5 Things You Should Never Try to Negotiate with Current Homeowners
Some homebuyers have been able to cleverly negotiate keeping custom mirrors above vanities, hardware on cabinets, and many other unique details during closing negotiations with current homeowners. But what do the experts think about what you should (and definitely should not) discuss during the closing process in today’s seller’s market?
I spoke to several real estate experts to find out what topics should be avoided during negotiations, any exceptions to these rules, and what you should do instead to make the closing process as smooth and painless as possible.
If the sellers have specifically excluded a home feature in the listing, don’t ask for it, says Melissa Zimbelman, a real estate agent based in Las Vegas, Nevada. “There is usually a good reason they are excluding it, and there is no better way to get on the wrong side of a negotiation than to ask anyway,” she explains. “I have had buyers try and negotiate for a seller’s ‘already noted’ not-included irreplaceable family keepsake, and then end up blowing the whole deal because the sellers wouldn’t budge on that item.”
Remember, Zimbelman says: a home purchase isn’t a furniture store or an estate sale; not everything is available for purchase. Still, for any exceptions, Washington, D.C.-based Realtor Yolanda Muckle says typically homeowners will complete an addendum stating what is being included with the sale of the home, such as ceiling fans, kitchen appliances, or the washer and dryer.
Furniture and Appliances
Mark Buskuhl, a real estate expert based in Texas, says that homeowners may also have sentimental attachments to certain items, such as artwork or decorative pieces. If a homebuyer tries to negotiate the purchase of these items with the seller during the closing process, he says it could put a strain on their relationship and leave everyone feeling awkward.
Boston-based Realtor Susan Tripi agrees, adding that homebuyers often try to negotiate on property items, especially those items perceived to add value to the home — such as appliances and furniture. Instead, she recommends homebuyers reflect on this helpful question: Is the time, effort, and expense involved in negotiating these items worth the potential cost of losing the sale or delaying the contract?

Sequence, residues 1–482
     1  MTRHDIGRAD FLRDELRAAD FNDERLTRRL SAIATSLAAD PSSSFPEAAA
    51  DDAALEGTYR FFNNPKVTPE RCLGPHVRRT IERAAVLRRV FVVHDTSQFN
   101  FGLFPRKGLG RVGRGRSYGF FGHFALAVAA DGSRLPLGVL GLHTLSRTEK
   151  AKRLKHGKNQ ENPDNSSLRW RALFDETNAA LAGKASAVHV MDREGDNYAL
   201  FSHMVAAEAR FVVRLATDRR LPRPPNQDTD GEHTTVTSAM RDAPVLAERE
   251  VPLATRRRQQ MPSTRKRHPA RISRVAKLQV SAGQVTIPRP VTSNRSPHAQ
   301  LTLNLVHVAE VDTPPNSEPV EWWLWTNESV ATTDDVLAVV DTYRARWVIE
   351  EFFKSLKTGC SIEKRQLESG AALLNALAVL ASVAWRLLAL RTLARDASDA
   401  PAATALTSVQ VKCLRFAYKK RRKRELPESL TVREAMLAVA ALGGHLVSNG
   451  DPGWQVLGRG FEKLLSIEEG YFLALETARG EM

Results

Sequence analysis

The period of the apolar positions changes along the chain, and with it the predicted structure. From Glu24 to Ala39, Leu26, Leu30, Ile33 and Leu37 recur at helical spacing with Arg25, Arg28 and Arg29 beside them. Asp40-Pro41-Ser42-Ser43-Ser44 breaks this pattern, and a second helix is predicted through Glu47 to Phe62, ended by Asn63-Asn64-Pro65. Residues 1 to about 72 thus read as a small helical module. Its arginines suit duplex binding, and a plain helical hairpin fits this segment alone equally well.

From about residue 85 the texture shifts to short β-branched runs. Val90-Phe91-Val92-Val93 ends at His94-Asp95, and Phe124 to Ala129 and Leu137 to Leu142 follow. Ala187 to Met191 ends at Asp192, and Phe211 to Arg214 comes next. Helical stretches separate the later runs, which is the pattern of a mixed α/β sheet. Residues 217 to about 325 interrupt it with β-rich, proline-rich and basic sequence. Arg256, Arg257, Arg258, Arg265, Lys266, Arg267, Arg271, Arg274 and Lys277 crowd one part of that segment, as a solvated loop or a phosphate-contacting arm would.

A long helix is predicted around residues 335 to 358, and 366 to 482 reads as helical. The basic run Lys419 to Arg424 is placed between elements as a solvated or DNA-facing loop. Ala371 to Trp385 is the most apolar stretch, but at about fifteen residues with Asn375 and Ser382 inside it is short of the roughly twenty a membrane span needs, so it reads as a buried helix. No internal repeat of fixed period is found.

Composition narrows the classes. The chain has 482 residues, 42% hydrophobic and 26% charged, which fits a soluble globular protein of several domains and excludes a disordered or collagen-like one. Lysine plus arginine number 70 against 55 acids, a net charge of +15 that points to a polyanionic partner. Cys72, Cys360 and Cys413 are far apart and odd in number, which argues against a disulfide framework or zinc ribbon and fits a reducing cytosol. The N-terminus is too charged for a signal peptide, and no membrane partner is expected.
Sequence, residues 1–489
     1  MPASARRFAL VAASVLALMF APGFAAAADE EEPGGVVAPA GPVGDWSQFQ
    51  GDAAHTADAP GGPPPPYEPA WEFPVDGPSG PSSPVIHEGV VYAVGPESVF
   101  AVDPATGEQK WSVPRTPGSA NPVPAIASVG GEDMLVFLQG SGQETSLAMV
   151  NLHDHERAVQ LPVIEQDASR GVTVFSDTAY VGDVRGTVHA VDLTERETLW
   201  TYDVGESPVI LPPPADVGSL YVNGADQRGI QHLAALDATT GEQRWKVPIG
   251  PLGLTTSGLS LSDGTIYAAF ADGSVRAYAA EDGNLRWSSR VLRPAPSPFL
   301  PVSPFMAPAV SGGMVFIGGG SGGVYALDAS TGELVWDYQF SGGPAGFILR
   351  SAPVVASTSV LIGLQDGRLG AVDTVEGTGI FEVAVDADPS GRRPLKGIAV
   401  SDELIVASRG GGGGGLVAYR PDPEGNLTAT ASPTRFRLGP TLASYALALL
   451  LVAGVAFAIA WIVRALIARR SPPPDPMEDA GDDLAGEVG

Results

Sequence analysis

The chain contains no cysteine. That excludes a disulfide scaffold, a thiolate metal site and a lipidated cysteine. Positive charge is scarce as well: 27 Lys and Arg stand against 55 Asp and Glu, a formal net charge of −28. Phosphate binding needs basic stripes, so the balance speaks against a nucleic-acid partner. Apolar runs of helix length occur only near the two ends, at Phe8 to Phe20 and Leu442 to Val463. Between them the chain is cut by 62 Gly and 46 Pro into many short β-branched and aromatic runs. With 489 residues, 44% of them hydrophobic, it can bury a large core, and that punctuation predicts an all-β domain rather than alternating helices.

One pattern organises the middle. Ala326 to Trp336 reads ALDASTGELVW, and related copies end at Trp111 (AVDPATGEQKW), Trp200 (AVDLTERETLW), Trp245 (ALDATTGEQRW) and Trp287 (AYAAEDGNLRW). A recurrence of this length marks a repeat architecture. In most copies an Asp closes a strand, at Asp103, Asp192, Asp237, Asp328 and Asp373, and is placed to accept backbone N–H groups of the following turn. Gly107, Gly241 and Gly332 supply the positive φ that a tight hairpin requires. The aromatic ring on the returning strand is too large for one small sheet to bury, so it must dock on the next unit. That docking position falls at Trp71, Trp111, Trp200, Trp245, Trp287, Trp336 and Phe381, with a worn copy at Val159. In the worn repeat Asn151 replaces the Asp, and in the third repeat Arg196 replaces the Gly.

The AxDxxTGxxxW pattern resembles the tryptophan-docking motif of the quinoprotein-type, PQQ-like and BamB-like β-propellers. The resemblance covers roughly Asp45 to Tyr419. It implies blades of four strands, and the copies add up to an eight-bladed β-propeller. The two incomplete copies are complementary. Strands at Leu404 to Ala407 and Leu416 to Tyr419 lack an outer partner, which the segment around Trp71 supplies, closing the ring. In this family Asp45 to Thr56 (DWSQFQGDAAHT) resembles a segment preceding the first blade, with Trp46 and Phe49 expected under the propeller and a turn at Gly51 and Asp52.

“Discern the difference,” she says. “While negotiating to include household items may seem like a cost-saving strategy, it can lead to delays in the process, taxing all parties involved.”
Simple(ish) Repairs and Maintenance
A home’s closing process is the final stretch of buying a property, and as such, there are certain things you want to shy away from asking for, says Adie Kreigstein, a Manhattan-based real estate pro. “It is never worth nitpicking over small repair items such as loose handles or doors that could use some extra WD-40,” she says. “These are small items that any handyman can fix if you aren’t able to do it yourself. Bringing them up will only make for a closing with some hostility in the air.”
Instead, Buskuhl says any repair or maintenance request should be discussed and agreed upon prior to closing, adding that “if a homebuyer tries to negotiate for repairs or maintenance during the closing process, it can put off the current homeowners and make them feel like they are being taken advantage of.”
Larger Renovations or Changes
Homebuyers may have their own ideas for renovations or changes they want to make to the property after purchasing it, but discussing these plans with the current homeowners during the closing process can lead to misunderstandings or negotiations that might delay or complicate the closing, says Casey Napolitano, real estate agent and founder of NDA Real Estate in southern California.
Atlanta-based Realtor and relocation specialist Danielle Napolitano says she and her colleagues have found it’s also become taboo for a buyer to discuss their other intentions with a property they’re purchasing in the presence of a seller or listing agent. “In our market, some buyers are looking to either rent out the purchased property, have plans to remodel it completely, or may even demolish it to build a new home,” she explains. “Many sellers/homeowners have emotional attachments to their homes and want to feel that the next person buying the home will love it as much as they did. If they were to find out the buyer’s intentions, it could lead to an uncomfortable and sometimes strained transaction process.”
The amount of closing costs is typically set in stone prior to closing and should not be negotiated with the current homeowners, Buskuhl says, adding that “negotiating on closing costs could make them feel like their offer was too low or that they were taken advantage of, which could sour the entire process.”
Instead, he advises homebuyers to work with their real estate agent to ensure that all of these details are addressed prior to closing. “This will make for a smoother transition and help maintain a good relationship between buyers and sellers,” he says.